There's more to the country's ongoing strife than religious differences.
As the U.S. contemplates a more active role in Syria, many journalists and policymakers are focused on the civil war's sectarian violence. A December 2012 UN Commission of Inquiry stated that "as battles between government forces and anti-government armed groups approach the end of their second year, the conflict has become overtly sectarian."
A headline in the Atlantic Wire on March 4 warned ominously that "Syrian Troop Ambush in Iraq Heightens Fear of Bigger Sectarian War." PRI's The World reports that, "the sectarian fighting has echoes of the Sunni-Shi'ite violence that dominated the middle years of the war in Iraq."
That's dangerous -- because while the Syrian civil war isn't yet a sectarian conflict, the discussion itself could make it one.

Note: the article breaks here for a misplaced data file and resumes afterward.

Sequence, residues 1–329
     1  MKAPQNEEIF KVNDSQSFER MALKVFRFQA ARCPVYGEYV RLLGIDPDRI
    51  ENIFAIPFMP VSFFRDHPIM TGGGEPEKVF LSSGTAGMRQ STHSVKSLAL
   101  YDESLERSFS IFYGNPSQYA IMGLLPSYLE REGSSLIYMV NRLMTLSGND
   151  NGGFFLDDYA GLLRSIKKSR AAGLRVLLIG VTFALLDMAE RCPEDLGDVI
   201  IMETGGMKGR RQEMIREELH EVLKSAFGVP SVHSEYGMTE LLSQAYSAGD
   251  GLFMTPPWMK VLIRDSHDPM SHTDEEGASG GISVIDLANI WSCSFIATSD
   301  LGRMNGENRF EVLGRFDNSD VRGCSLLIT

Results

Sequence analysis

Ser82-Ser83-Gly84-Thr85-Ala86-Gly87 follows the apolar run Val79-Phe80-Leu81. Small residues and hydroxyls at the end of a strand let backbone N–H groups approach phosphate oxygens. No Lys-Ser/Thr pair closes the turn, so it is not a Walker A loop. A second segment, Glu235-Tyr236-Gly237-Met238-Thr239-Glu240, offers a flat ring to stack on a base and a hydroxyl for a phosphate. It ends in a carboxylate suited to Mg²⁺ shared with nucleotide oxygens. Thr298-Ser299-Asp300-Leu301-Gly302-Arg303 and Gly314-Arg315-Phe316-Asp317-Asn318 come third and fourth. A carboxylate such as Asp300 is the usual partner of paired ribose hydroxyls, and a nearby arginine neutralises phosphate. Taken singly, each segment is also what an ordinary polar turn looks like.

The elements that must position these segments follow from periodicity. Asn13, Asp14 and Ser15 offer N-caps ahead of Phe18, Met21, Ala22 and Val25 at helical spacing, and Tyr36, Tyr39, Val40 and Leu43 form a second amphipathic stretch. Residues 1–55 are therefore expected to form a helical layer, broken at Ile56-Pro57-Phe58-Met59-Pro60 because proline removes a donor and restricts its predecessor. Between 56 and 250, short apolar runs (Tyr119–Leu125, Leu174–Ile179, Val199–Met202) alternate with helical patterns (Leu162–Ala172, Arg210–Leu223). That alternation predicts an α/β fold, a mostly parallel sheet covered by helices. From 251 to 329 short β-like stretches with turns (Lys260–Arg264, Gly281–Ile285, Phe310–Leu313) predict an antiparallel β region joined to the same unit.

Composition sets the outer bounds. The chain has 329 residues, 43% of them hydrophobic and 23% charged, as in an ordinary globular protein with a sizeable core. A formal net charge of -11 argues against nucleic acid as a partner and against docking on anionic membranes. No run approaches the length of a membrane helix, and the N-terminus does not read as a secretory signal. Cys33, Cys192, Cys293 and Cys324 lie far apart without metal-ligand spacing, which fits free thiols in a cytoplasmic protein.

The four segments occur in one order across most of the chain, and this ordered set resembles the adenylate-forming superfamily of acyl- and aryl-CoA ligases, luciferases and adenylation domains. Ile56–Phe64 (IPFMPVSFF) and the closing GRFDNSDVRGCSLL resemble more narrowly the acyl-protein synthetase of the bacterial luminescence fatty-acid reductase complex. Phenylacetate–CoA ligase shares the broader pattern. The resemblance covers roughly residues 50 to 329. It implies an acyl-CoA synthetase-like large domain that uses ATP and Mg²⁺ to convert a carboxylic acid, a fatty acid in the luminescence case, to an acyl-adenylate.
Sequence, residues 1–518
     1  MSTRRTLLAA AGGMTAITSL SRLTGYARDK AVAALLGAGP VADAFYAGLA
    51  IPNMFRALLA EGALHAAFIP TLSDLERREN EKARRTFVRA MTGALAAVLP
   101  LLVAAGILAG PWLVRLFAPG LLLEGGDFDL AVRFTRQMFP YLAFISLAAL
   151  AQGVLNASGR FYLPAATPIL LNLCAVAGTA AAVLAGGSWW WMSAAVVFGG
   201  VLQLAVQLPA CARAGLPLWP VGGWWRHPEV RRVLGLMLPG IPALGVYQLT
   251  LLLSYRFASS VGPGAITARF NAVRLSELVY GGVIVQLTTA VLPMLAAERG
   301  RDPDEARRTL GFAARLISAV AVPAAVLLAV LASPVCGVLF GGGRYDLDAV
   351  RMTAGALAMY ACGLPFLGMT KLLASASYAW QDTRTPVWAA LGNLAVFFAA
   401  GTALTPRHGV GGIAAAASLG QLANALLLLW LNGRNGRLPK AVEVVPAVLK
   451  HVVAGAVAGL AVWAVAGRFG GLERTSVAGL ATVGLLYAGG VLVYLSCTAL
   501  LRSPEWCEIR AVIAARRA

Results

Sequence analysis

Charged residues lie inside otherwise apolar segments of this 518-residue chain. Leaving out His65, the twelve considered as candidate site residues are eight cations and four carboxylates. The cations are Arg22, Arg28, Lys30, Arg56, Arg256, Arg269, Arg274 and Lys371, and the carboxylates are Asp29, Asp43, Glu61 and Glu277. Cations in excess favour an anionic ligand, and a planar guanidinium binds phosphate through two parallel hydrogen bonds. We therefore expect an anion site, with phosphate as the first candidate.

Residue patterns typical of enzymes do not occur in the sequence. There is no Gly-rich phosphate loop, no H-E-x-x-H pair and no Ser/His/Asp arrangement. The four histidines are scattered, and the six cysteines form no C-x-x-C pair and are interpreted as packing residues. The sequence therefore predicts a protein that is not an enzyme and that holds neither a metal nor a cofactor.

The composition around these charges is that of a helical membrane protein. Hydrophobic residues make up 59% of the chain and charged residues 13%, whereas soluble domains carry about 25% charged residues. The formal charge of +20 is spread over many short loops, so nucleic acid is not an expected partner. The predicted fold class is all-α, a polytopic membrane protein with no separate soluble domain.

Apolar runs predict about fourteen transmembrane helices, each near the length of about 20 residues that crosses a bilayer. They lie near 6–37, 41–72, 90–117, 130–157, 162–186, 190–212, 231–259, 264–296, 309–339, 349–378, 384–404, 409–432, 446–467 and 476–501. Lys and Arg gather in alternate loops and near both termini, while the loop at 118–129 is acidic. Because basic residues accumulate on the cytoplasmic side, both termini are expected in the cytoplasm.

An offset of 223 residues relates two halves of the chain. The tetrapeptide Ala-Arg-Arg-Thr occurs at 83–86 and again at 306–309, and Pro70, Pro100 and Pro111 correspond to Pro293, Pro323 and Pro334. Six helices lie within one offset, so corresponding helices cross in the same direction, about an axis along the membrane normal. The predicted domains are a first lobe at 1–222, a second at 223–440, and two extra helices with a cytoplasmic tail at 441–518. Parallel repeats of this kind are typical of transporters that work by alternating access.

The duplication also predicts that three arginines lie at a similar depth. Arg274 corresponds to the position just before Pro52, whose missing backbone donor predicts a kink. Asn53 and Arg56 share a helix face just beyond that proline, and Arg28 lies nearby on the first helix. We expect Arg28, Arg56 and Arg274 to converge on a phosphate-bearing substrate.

To be sure, a compelling story is making the rounds. Such voices as Patrick Cockburn at The Independent , Joseph Olmert in The Huffington Post, and countless others describe the Syrian war as an armed conflict pitting Sunnis, who make up the majority of Syria's population, against the Alawites, who back the Assad regime, and their Shiite allies, Iran and Hezbollah. In this telling, Christians and other innocent minorities are under siege, caught in the crossfire and afraid they will be oppressed by a Sunni majority in a post-Assad Syria. This would make Syria just the latest in a long string of Middle Eastern countries riven by intractable sectarian differences that lead to interminable chaos and violence. Because religious divisions define people's identities in this region, the story goes, history tells us that there is no choice but to let them "fight it out" while we do everything in our power, including possibly arming the opposition, to ensure that those who support U.S. interests in the region prevail.